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Union urges congressional conferees to keep hands off pay and benefits

One federal employee union has gone on the offensive even before House and Senate conferees resume work on contentious legislation that threatens to affect federal pay and benefits.

[Note: This article was changed to clarify details of H.R. 3630.]

One federal employee union has gone on the offensive even before House and Senate conferees resume work on contentious legislation that threatens to affect federal pay and benefits.

Before adjourning in December, the House and Senate appointed conferees to hammer out a compromise on the bill, H.R. 3630. The original bill crafted by House Republicans includes a one-year extension of the current pay freeze, measures that increase federal employees’ share of pension contributions, and the elimination, as of January 2013, of the Social Security supplement, except for feds with mandatory retirement ages.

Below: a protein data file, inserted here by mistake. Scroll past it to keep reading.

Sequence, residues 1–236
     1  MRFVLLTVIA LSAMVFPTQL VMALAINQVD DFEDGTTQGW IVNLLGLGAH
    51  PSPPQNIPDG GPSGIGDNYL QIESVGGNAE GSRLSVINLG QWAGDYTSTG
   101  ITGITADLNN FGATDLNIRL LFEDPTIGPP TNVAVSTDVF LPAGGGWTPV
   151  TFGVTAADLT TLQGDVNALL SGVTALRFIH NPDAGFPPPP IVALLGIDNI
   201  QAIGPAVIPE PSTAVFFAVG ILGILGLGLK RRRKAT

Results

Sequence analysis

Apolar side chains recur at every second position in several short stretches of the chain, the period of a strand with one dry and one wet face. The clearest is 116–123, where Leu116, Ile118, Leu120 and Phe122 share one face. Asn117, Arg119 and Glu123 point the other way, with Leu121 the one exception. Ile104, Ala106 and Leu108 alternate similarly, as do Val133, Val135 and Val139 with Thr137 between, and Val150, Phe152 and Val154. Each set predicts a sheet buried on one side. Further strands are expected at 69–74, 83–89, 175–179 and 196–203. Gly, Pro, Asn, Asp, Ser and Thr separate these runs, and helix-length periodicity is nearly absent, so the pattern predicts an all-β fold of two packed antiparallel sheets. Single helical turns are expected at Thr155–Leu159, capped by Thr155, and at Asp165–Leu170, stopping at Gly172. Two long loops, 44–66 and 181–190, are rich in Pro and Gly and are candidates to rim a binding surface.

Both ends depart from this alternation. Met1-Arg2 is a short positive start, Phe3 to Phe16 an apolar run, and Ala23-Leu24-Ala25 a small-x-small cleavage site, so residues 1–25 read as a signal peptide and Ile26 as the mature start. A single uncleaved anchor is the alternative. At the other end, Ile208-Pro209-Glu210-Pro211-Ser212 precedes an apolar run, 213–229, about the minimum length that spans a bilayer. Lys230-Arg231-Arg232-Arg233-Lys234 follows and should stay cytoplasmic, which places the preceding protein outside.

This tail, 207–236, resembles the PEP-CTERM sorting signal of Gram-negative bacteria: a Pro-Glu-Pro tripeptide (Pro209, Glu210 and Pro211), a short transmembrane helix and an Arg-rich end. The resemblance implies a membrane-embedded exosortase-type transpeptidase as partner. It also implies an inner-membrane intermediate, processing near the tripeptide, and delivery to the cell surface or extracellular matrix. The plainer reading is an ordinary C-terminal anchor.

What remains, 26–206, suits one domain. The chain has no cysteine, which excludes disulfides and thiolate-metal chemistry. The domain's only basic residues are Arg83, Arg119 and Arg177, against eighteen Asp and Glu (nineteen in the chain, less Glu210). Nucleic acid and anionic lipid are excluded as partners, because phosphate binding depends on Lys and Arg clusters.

While Congress failed to come to agreement on that bill as 2011 ended, it nonetheless did pass—and the president signed—a short-term extension of several measures included in that bill, most significantly the payroll tax-cut holiday. While federal pay and benefits measures were not included in that short-term legislation, proposed cuts to benefits and a possible freeze extension are expected to reemerge as major issues as lawmakers work on an H.R. 3630 compromise.

This week National Treasury Employees Union President Colleen Kelley sent letters to the seven Senate and 13 House conferees assigned to H.R. 3630 urging them to oppose using cuts to federal employee pay and benefits as a means of offsetting a longer-term extension of the payroll tax cut and other measures in the bill. The union supports a bipartisan version of the bill crafted in the Senate in December which did not include those cuts.

“Many federal employees are not even eligible to get the payroll tax reduction because they are not covered by Social Security,” Kelley wrote, maintaining that “federal employees have contributed $60 billion to deficit reduction through the present two-year pay freeze.”

According to Kelley, the House version of the proposed legislation—if it prevailed—would result in federal employees contributing another $65 billion through cuts to pay and benefits.

“Federal employees are working with severely limited resources,” Kelley wrote. “To ask them to bear such a disproportionate additional burden is unfair and unacceptable.”

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